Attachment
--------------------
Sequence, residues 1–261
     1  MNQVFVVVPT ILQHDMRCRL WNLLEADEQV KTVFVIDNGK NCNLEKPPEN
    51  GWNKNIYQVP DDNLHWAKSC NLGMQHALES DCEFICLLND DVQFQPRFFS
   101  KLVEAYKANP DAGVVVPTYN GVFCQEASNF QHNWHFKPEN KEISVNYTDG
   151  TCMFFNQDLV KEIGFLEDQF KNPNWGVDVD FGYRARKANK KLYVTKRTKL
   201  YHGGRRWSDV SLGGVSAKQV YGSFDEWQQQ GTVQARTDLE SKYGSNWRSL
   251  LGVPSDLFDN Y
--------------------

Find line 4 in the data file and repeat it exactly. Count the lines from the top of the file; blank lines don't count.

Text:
   101  KLVEAYKANP DAGVVVPTYN GVFCQEASNF QHNWHFKPEN KEISVNYTDG